The Detroit International Bridge Co.’s sudden cooperation with Michigan’s long-delayed Gateway Project may be too little, too late.
The state’s new governor has called for a new Detroit International River Crossing that would compete directly with DIBC’s Ambassador Bridge. Not only that, but the governor is already moving forward on funding for the project.
‘Hub for Global Commerce’
“We must plan now for a new bridge connecting Detroit to Windsor, Ontario,” Gov. Rick Snyder, a Republican and former venture capitalist, announced last week in his first State of the State Address.
“This new bridge will create jobs, strengthen our economy, and help establish Michigan as a hub for global commerce.”
The announcement was Snyder’s first that he would support building a second bridge at North America’s busiest international border crossing.
Snyder also revealed that funding for the plan was already in the works.
$550M from Canada
Canada has already pledged $550 million to build a road system to connect to the bridge, Snyder said.
That commitment enabled Michigan to recently secure a “unique agreement” from the Federal Highway Administration to count the Canadian investment toward Michigan’s required matching funds for federal funded highway projects across the state.
“This is a key in ensuring we capture all of our federal highway dollars,” Snyder said. The move will “significantly ease the burden on the budget” and ensure funding for future road repairs and infrastructure improvements, he added.
As he had promised in his campaign, Snyder vowed that no state tax dollars would be used in the project and that Michigan would not take on any debt for the project.
“We must work together to ensure opportunity doesn’t slip away,” he said.
‘Not Just a Detroit Issue’
Snyder said the bridge was “not just a Detroit issue,” but a critical investment in his state’s close, and growing, economic relationship with Canada. He offered these figures:
• In 2009, Michigan conducted about $44 billion in trade with Canada.
• One in eight jobs in Detroit is in an export industry.
• One in seven jobs in Grand Rapids is in an export industry.
• Ports in Detroit, Port Huron and Sault Ste. Marie handle one-third of all U.S. trade with Canada.
“Every farmer and manufacturer can tell you why it’s important to have world trade,” he said. “Global demand for entry is expected to increase steadily.”
Troubled Water over Bridge
A new Detroit River border crossing has been the subject of intense debate in Michigan for a decade. The crossing is, among other things, a critical link in the auto industry’s supply chain.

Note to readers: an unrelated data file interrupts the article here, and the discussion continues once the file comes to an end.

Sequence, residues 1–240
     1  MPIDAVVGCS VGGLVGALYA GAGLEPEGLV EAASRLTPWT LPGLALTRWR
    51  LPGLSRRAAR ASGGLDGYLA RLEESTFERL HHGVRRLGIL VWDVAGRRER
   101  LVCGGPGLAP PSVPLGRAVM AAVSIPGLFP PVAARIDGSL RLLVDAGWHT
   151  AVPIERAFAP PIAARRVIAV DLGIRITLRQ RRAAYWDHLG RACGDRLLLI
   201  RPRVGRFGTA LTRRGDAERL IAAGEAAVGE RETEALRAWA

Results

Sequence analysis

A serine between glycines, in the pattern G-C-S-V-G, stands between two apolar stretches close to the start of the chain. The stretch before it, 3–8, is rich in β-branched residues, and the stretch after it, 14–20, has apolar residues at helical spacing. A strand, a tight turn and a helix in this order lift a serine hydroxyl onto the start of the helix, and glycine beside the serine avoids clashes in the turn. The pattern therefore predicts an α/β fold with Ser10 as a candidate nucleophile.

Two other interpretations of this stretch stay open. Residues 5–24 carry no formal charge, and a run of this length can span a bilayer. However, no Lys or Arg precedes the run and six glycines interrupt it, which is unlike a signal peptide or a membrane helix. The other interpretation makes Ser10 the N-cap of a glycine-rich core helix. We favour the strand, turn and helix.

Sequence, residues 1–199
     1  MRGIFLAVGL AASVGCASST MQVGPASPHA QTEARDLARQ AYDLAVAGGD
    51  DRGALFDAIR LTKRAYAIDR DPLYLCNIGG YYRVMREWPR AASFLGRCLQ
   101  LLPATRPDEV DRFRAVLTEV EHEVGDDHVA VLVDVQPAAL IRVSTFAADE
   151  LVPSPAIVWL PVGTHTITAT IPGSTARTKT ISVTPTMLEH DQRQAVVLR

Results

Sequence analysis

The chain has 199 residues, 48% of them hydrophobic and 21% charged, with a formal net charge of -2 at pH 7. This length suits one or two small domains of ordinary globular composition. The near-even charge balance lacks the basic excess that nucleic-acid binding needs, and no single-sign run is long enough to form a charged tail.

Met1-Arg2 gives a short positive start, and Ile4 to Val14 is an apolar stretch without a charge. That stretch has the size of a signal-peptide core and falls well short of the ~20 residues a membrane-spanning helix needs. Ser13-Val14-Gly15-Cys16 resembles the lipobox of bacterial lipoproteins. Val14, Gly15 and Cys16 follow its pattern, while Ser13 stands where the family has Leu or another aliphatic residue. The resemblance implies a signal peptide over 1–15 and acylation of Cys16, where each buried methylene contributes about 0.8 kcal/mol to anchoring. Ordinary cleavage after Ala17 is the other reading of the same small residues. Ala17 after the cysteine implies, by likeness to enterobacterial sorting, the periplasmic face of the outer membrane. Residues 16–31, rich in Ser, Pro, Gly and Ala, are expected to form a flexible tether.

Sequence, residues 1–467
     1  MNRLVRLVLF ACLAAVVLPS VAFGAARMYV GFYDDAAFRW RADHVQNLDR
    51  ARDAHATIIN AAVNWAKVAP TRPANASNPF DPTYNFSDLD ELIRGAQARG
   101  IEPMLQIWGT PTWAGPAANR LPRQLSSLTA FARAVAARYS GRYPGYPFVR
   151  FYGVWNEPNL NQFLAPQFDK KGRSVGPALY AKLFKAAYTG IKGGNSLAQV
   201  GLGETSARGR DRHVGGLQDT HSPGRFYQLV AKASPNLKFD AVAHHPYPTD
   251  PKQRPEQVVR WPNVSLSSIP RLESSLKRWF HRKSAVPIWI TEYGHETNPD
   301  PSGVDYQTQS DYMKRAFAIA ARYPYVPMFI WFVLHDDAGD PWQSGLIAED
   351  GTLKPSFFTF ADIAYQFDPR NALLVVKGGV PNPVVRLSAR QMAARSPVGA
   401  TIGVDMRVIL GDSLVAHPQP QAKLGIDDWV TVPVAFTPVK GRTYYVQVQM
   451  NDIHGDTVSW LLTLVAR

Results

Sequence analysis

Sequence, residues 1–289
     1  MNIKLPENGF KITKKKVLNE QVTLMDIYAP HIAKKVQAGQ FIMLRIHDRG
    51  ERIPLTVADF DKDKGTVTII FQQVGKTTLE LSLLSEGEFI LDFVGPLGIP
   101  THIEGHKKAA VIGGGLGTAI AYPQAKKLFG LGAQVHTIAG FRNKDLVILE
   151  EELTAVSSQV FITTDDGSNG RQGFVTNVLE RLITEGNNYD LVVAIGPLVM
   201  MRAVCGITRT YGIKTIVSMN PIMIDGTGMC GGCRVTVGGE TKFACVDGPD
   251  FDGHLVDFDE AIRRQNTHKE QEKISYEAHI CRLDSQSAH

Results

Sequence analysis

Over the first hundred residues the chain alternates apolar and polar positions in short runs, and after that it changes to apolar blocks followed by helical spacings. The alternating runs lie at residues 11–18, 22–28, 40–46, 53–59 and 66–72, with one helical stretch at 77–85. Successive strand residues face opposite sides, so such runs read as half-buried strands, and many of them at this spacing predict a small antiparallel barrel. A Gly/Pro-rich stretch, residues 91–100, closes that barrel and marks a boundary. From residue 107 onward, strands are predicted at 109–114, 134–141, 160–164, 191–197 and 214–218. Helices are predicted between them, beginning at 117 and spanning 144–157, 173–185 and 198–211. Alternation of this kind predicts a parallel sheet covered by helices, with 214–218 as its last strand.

The stakes are extremely high: About one quarter of the $1.2 billion worth of goods that cross the border each day are currently transported over the Ambassador Bridge, which was the longest suspension bridge in the world when it opened in 1929.
DIBC has been trying for years to build a second span on the Ambassador Bridge, but the project has continually run afoul of state authorities, who favored a publicly built and operated bridge. Legislation for a new public bridge stalled in the state Senate last year.
Canada also opposes expanding the privately owned bridge.
DIBC owner Manuel "Matty" Maroun has called a public bridge wasteful and an attack on his business.
Jail and the Gateway Project
DIBC is also a partner in the Michigan Department of Transportation’s $230 million Gateway Project, a major economic development project connecting area freeways to the Ambassador Bridge and Detroit's Mexicantown neighborhood. But the company and MDOT have frequently clashed on the project.
Currently, in fact, DIBC is tearing down several new structures that it had built for its own project. Wayne County Circuit Court Judge Prentis Edwards ruled in February 2010 that the company had illegally built fuel pumps, toll booths and part of a duty-free shop and ordered them demolished. DIBC refused to comply until this month, when the judge ordered company president Dan Stamper jailed for contempt of court.
Maroun, his family and company executives have donated nearly $1.8 million to Michigan candidates and campaigns in the past 13 years, including most of the DRIC opponents who ran unsuccessfully for governor last year, the state’s newspapers have reported.
Snyder’s speech drew mostly positive reaction, although some conservatives remained uneasy about the project, the Detroit News reported. Snyder’s "ringing endorsement" surprised Mike Bishop, the former Republican leader in the Senate. "That issue is going to be debated thoroughly," Bishop told the newspaper.
However, Senate Majority Leader Randy Richardville, R-Monroe, pledged his support. "Me and my caucus as well as the governor are going down a single path," Richardville said, according to the newspaper.
"There's a road in the forest and most of the trees are down. There are still a few stumps, but I think we're moving in the right direction."
Ambassador Bridge officials issued no comment on Snyder’s speech.
Snyder is a millionaire Ann Arbor businessman who won the governor’s seat on his first try for elected office. His campaign ads billed him as "one tough nerd."